Preserving Foods #18: Pressure Canning - Ground Beef

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Blog entry by MsDebbieP posted 11-03-2012 10:11 AM 3839 reads 0 times favorited 4 comments Add to Favorites Watch
« Part 17: Storage - Part II Part 18 of Preserving Foods series Part 19: Beef »

Nov. 3/12

I’ve been watching the grocery store flyers since I started pressure canning meat and finally a store had lean ground beef on for a reasonable price!

I picked up 14 pounds today at $2.47/lb for a total of $35.83
The 14 lbs filled 14 pint jars.

What I really like about the canned meat is that the pint jars provide just enough for Rick and I to get a couple meals from it, with little leftovers to sit in the fridge. I also like being able to cook up a whack of meat at one time. Having the taco meat ready will be really nice as I won’t have to worry about spices when preparing the meal. It’s all done at once.

The hamburg: I found two main options for canning hamburg (ground beef). One option was to boil the meat (sounded really easy) and the other was to brown it in a frypan.

I was going to use the boiling method, right up til the last minute when I watched that one last video just to make sure I was doing it right. The cook in that video said that the “wet” version of the meat would be soft. Although that didn’t really matter to me, I thought that maybe when it came to using it that maybe it would… .so I opted for the browning method.

Now, 14 lbs of hamburg is a lot of meat and I thought it was going to take me forever to brown it, but it didn’t. I divided it into the two biggest cast-iron pans that I have and I started cooking while I got the rest of the canning materials ready.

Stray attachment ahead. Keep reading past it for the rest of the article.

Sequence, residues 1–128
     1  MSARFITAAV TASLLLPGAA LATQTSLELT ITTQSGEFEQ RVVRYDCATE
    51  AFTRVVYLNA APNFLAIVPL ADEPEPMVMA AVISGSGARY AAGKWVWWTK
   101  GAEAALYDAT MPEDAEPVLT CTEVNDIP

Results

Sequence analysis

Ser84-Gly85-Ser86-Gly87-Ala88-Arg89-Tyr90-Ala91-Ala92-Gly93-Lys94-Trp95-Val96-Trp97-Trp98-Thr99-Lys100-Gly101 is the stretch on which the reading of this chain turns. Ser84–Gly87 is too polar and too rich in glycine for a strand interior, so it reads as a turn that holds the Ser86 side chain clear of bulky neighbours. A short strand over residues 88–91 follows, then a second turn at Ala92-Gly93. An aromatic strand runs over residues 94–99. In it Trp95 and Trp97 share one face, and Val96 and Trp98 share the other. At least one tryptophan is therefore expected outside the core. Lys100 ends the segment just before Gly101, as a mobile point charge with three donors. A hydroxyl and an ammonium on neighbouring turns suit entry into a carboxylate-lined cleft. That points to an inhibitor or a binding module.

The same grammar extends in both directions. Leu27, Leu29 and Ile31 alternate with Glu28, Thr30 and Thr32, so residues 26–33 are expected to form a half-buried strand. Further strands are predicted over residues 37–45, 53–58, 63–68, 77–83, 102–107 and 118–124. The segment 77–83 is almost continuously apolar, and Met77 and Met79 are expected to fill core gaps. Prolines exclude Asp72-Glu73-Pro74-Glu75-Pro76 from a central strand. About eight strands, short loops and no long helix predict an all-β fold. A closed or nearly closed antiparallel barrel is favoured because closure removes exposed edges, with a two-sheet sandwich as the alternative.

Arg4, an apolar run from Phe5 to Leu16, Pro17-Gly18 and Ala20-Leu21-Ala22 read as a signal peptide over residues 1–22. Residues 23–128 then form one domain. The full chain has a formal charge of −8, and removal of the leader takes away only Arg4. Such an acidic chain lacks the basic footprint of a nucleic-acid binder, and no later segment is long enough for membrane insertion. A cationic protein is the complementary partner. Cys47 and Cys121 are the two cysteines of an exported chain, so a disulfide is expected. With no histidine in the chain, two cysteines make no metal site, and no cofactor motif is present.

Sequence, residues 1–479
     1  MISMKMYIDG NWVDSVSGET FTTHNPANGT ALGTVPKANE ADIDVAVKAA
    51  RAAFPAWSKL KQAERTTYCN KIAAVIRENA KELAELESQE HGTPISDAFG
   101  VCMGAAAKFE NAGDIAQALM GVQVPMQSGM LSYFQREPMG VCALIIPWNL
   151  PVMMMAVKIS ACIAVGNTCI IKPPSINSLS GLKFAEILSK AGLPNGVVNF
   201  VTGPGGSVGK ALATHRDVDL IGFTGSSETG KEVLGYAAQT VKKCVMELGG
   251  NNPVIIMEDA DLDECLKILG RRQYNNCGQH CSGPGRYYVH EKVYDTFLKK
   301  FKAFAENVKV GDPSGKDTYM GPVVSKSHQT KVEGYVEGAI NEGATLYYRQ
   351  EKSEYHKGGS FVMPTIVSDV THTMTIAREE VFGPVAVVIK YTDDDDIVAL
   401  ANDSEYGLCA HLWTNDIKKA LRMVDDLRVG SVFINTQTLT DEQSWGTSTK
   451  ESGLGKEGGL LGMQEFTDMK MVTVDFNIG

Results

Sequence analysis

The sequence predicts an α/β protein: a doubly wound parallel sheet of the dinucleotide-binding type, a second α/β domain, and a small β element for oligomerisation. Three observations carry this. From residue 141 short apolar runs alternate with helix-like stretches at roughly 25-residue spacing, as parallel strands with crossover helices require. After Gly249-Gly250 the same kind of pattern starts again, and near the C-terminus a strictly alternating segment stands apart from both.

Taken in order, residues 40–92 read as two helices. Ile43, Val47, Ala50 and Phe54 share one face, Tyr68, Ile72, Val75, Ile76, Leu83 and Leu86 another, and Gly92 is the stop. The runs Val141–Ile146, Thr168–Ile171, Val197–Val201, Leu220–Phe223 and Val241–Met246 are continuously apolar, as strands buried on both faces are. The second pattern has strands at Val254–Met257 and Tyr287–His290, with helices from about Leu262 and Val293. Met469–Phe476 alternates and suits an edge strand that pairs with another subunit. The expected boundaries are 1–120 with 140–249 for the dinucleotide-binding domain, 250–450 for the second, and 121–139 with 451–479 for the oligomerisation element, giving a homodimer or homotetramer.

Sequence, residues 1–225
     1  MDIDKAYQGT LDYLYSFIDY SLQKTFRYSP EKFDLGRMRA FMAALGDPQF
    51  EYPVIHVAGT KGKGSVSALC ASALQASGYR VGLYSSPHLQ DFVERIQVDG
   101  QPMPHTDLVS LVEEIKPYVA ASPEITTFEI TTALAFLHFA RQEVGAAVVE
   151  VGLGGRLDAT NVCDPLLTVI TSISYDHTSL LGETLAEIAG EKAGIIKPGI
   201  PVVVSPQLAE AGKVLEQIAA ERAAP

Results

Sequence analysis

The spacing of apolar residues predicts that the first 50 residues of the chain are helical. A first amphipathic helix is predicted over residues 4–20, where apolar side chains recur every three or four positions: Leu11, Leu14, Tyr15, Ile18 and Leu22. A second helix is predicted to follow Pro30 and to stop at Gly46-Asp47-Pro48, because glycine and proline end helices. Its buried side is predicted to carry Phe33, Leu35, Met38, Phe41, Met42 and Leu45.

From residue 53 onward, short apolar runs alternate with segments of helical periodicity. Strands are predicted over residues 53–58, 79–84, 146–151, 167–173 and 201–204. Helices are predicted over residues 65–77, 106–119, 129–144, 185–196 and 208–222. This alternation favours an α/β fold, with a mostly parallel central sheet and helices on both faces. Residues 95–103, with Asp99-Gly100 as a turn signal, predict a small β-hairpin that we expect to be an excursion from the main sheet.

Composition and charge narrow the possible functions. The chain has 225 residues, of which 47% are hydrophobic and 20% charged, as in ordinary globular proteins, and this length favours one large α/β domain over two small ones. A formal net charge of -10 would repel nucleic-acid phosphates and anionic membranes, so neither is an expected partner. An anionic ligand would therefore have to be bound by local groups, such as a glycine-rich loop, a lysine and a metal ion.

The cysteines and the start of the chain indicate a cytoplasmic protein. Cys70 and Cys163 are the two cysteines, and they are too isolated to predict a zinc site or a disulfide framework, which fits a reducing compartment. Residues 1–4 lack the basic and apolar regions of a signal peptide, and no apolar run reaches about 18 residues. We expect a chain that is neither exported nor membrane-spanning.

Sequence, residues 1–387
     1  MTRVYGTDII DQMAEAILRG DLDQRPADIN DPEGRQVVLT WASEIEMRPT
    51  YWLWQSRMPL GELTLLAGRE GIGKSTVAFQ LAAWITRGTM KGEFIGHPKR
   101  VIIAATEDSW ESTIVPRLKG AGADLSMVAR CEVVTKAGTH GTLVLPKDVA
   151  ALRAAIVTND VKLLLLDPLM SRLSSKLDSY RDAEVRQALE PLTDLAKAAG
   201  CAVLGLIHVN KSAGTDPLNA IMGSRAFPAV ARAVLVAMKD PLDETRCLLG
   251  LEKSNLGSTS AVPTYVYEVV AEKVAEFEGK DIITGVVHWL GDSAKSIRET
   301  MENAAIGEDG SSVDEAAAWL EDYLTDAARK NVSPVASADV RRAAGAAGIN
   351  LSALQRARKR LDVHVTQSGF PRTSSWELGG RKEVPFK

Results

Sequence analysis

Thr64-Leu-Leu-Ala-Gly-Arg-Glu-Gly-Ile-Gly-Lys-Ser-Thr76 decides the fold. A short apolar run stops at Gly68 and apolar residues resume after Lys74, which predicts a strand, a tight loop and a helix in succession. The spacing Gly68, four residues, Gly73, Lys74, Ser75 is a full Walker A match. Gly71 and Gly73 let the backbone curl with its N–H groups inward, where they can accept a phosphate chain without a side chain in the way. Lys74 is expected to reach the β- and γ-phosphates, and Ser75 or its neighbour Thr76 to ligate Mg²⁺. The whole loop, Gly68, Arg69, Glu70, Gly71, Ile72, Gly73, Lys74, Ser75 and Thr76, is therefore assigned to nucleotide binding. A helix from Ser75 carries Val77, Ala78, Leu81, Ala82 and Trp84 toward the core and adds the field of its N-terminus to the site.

The two pans turned out to be a “bonus”. I was able to add taco seasoning to the one pan and leave the other plain. Now I have more variety available plus some “ready to go” taco meat.

Once the meat was all browned I packed it into the jars, squishing the contents lightly to get out air bubbles but not pack tightly, and leaving the 1” headspace empty at the top.
I wiped all the rims off with a cloth dipped in vinegar (to help cut through any grease that might have ended up on the rim) and I added the lids.

I had pre-heated water in the canner (hot contents go into hot jars and then into hot water)

Then I did the canning process according to my canner’s instructions and cooked the meat at 10 pounds of pressure for 90 minutes (as designated for my location.)

Note: no pictures at this time as the pressure canning is still going on. I never thought of taking a picture of the big bag of meat when I started. Sorry.

Oh.. and the taco seasoning mix was the following “per pound”:
2 Tbsp. onion powder
1/2 tsp. garlic powder
1 Tbsp. chili powder
1 tsp. dried oregano
1 tsp. dried cumin
1 tsp. salt

-- - Debbie, SW Ontario Canada (USDA Hardiness Zone: 5a)

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gardening is a journey, a journey of learning how to connect with and support Mother Nature

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View MsDebbieP's profile


14694 posts in 3811 days
hardiness zone 5b

posted 11-03-2012 11:12 AM

On the left is the plain version and on the right is the “taco” version

-- - Debbie, SW Ontario Canada (USDA Hardiness Zone: 5a)

View Radicalfarmergal's profile


4312 posts in 3073 days
hardiness zone 5b

posted 11-03-2012 05:24 PM

Debbie, you are certainly putting your pressure canner to good use! Way to go – You get the convenience of prepared food and you know exactly what goes into each jar.

-- "...I have nothing against authorities as such; I am only in favor of putting a question mark after just about everything they say." Ruth Stout

View daltxguy's profile


882 posts in 2908 days
hardiness zone 4a

posted 11-03-2012 05:29 PM

I hope the meat didn’t fall off the back of a XL ‘food’ truck.
Save some taco for next summer.

-- Disobedience is the true foundation of liberty. The obedient must be slaves. - Thoreau

View MsDebbieP's profile


14694 posts in 3811 days
hardiness zone 5b

posted 11-04-2012 02:31 AM

I really like having the canned meat available.

Daltxguy – I, too, am glad that I didn’t find a good deal on hamburg while the XL company was still handling the meat.

-- - Debbie, SW Ontario Canada (USDA Hardiness Zone: 5a)

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